What I mean by little bigger, say going 20 – 25% stronger holding torque then what it calculates with out exceeding this 1000oz-in barrier !? ( again, today my brain is getting buzzed with me getting in this motor thing, so sorry if I can’t really remember where & why I read this but I think it was a quote from Mike Richard and/or Marris recommending no one should exceed this 1000ioz-in ???).

Making yourself mad you say… My family is seriously considering calling the guys who gladly come and pull people out of their home with a “white vest”
All this because I keep on saying I’m having a blast with all this !!
Improving my knowledge has never been so fun & rewarding….
Thanks MechMaters, thank you so much Gerald
( for the attachement change the extention from .txt ->to -> .xls )
Attached Files
File Type: txt Motor_torque_sizer_calc.txt (22.0 KB, 121 views)
Reply With Quote
  #67  
Old Sun 10 August 2008, 11:14
Gerald D
Just call me: Gerald (retired)
 
Cape Town
South Africa
Do you think that the 1000 oz-in is suddenly bad, while the 999 oz-in is still good? What is the shape of the good/bad graph before we get to 1000 oz-in?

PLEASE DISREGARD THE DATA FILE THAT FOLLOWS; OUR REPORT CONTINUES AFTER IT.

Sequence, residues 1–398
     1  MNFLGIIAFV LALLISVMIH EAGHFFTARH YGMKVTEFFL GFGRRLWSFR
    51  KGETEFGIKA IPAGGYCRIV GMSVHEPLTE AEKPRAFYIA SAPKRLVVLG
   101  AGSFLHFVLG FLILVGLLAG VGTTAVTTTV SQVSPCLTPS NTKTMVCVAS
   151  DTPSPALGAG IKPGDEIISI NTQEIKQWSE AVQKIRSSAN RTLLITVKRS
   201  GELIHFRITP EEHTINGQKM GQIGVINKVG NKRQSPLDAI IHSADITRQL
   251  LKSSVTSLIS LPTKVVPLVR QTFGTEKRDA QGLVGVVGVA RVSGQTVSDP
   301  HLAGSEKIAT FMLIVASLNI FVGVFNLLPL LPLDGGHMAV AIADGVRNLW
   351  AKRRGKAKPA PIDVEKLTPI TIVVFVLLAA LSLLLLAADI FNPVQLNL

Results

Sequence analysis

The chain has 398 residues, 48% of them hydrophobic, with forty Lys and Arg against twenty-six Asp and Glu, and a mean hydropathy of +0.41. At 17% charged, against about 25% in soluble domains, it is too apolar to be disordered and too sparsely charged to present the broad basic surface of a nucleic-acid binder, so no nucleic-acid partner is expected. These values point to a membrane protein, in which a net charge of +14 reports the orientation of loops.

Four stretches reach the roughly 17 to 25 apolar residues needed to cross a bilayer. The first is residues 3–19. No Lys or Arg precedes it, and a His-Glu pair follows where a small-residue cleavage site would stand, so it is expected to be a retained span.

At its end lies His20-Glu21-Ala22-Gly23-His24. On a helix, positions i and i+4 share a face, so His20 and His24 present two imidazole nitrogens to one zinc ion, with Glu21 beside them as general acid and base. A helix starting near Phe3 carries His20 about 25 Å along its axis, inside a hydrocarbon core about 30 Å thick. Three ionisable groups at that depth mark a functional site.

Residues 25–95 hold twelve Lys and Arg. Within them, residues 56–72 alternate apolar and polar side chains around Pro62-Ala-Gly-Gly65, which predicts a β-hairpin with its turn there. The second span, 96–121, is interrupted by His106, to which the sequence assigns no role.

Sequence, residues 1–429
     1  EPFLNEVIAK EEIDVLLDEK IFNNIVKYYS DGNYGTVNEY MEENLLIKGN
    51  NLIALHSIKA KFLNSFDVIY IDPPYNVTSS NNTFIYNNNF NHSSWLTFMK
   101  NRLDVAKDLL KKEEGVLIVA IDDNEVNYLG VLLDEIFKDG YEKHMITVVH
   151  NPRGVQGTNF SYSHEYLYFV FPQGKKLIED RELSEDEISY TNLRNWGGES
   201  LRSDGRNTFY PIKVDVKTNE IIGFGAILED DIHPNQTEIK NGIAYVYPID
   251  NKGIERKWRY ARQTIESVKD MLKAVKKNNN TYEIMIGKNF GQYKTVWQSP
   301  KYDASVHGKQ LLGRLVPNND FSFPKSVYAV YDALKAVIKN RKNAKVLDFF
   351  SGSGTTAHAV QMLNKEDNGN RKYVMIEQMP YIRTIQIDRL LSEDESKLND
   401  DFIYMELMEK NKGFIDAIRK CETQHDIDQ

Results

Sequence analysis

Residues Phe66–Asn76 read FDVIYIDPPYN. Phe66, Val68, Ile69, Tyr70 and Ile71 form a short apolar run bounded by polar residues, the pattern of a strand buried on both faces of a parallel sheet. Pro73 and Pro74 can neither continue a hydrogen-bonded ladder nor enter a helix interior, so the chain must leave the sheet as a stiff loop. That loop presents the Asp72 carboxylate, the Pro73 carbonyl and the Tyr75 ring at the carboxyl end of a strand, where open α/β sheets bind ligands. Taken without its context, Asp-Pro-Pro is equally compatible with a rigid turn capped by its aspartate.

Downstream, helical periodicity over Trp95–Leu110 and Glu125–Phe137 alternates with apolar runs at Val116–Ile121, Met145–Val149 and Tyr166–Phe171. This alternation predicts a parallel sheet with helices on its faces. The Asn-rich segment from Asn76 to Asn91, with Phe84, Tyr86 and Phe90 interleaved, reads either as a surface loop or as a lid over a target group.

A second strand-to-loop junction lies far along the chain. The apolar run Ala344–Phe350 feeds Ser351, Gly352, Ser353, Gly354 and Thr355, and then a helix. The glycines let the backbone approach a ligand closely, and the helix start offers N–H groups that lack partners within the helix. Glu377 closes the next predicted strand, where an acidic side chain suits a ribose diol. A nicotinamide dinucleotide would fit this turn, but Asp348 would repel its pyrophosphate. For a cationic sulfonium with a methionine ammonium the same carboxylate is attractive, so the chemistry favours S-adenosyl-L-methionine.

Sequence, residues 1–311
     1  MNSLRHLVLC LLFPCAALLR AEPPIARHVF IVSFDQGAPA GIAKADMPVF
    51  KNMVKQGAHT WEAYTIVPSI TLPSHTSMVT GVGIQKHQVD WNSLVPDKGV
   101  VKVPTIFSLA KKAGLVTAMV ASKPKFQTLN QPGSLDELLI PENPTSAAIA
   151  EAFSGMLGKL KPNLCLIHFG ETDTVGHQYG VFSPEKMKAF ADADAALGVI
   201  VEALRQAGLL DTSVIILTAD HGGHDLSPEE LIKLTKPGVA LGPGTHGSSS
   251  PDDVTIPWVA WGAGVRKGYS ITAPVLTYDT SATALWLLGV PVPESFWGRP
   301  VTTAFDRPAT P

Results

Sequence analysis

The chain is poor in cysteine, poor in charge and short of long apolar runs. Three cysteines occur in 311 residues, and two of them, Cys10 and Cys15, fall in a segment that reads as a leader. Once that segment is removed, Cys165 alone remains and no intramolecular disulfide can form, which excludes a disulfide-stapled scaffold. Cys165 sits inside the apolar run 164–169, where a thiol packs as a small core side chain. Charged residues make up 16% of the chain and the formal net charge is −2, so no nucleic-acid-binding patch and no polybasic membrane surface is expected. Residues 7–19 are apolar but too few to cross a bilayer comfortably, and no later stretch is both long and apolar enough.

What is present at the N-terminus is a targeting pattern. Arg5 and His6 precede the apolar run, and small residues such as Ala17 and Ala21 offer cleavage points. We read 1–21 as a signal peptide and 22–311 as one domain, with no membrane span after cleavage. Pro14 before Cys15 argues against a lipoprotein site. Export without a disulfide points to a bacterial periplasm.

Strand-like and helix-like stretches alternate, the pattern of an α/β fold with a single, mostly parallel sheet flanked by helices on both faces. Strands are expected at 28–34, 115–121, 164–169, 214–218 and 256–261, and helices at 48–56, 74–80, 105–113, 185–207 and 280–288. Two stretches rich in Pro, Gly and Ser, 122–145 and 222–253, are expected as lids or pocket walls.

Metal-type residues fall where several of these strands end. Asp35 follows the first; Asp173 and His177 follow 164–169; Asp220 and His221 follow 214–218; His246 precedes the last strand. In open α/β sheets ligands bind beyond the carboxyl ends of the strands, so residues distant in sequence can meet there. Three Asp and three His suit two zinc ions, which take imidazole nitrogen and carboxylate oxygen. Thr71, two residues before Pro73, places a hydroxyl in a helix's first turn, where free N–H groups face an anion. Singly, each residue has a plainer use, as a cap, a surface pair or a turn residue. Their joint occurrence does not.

Reply With Quote
  #68  
Old Sun 10 August 2008, 13:55
Richards
Just call me: Mike
 
South Jordan, UT
United States of America
The "ideal" motor, when used with a gearbox or belt-transmission would probably be the PK296-03AA (which is probably the motor used in the PK296A2A-SGxx geared motor - when you compare the specifications).

With a 30-tooth pinion gear (inch measurements), you get a pitch diameter of 1.5-inches, or 4.71 linear inches of motion per pinion gear rotation. That means that with a 7.2:1 gear drive, the stepper motor is going to be spinning between about 200RPM and 650RPM when the feed rate is between 2-ips and 7-ips - which is where I personally cut almost 100% of my work. Those speeds fall on a very strong portion of the trorque curve, and with the 7.2:1 gearbox, the gearbox is the limiting factor for torque, not the motor.

At 7-ips and a 7.2:1 gearbox, that motor requires about 21,000 steps per second, meaning that even a modest computer can drive Mach3 at those speeds.

Power requirements are fairly modest. Voltage requirements are modest. Heat generation is modest. Power is sufficient. What more could you ask from a "universal" motor?
Reply With Quote
  #69  
Old Sun 10 August 2008, 14:50
Robert M
Just call me: Robert
 
Lac-Brome, Qc
Canada